Pastoral Planning

09-12-2021Weekly ReflectionFr. John Granato

My Dear Friends,

Last week in my homily I mentioned that the second phase of the pastoral planning of the Archdiocese will be affecting New Britain soon. It is never easy to talk about a church and a faith that is diminishing, but the reality in New England is that the church and our faith is diminishing and the Covid virus did not help it. For centuries people rallied around and worshiped in their respective parishes. It was in their parish that they found and nourished friendships with other parishioners and celebrated their many sacraments. The parish church was another home for them.

In New Britain St. Maurice and St. Jerome were another home for many of you, just as the other parishes were also homes for many other Catholics. But the reality is that in a city of roughly 70,000 people, and only a percentage of them Catholic (and many of these Catholics who do not practice their faith), it is a situation that is untenable to keep 11 church buildings, and the many convents, rectories, school buildings, parish office buildings etc. that are connected to each church, open.

Just as a pastor needs to be a good steward of your donations to the parish, our archbishop needs to be a good steward of his resources as well. These resources are not just money but also personnel. He needs to make difficult decision that will affect the lives of his flock. Many Catholics in New Britain will be sad and upset when they find out that this second phase of pastoral planning will affect them. That’s okay. The sadness that many Catholics will feel is a proof that you care about your parish church. You have every right to feel sad and upset. But even though things change and even though the demographics dictate pastoral planning decisions, one thing is very certain. The Catholics in New Britain will not be orphaned. Yes, some Catholics will lose their “mother” when their church closes, and being asked to become a part of another parish will feel awkward and unnatural, but the church will still be here for you. It might be in a completely different building, but the sacraments will still be celebrated and you will still have that encounter with Christ that is so necessary for you to grow in the spiritual life.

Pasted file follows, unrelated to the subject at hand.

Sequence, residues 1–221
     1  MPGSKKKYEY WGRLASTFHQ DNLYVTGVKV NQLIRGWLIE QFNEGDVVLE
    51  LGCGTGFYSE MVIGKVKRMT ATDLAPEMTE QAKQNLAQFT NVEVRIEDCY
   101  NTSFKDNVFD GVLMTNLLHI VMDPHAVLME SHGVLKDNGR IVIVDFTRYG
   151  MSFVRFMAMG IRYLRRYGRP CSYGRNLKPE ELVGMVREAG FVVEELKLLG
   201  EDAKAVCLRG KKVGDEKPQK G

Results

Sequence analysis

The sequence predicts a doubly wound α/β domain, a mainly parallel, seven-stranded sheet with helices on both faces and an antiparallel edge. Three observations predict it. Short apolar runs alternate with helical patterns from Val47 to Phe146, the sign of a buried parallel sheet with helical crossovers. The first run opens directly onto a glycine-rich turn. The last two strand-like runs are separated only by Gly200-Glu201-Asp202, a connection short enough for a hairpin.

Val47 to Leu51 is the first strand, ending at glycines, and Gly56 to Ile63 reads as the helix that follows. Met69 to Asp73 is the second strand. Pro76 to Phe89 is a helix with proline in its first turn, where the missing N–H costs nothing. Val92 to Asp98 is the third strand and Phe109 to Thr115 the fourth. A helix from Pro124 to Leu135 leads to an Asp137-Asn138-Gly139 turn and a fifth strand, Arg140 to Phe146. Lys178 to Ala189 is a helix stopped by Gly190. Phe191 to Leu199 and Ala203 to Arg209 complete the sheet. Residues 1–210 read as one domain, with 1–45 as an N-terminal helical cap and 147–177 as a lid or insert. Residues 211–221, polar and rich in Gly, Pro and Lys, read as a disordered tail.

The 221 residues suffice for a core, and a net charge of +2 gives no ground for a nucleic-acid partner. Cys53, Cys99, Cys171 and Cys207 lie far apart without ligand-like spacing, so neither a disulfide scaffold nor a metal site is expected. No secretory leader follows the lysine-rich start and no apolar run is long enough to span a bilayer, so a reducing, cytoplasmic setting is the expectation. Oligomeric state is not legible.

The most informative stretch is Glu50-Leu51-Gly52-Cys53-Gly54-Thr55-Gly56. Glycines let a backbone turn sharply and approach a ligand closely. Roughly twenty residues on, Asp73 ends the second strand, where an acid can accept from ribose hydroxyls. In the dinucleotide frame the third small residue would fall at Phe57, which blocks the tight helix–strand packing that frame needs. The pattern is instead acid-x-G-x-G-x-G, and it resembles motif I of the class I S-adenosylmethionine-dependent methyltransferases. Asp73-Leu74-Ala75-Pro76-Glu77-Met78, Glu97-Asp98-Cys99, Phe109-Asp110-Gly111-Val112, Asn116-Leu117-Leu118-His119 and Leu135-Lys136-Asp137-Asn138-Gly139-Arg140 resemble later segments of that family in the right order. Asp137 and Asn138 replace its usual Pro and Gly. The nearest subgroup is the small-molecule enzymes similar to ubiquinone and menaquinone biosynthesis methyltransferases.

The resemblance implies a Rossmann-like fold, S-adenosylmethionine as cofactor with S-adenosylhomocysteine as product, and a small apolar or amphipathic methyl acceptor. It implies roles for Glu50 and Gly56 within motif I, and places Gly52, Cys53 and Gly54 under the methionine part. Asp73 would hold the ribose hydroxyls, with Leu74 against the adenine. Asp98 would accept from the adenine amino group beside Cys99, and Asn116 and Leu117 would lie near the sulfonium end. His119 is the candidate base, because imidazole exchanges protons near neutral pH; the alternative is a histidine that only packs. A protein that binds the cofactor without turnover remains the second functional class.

The final decision is out of our hands, so we will be asked to place our faith in God and trust that whatever happens, you are still an integral part of our Catholic faith and the faith life of the church in New Britain. The center of our faith is not St. Jerome or St. Maurice or St. Andrew or St. John or St. Peter or St. Joseph or St. Ann or St. Mary or St. Francis or Holy Cross or Sacred Heart. The center of our faith is worshipping the Holy Trinity and receiving God the Son, Jesus Christ, in the Holy Eucharist. Pray for vocations to the priesthood; pray for our brothers and sisters to return to the practice of the faith; and pray that we will all find peace in whatever decisions are made so that we can come and worship with a clean heart and mind.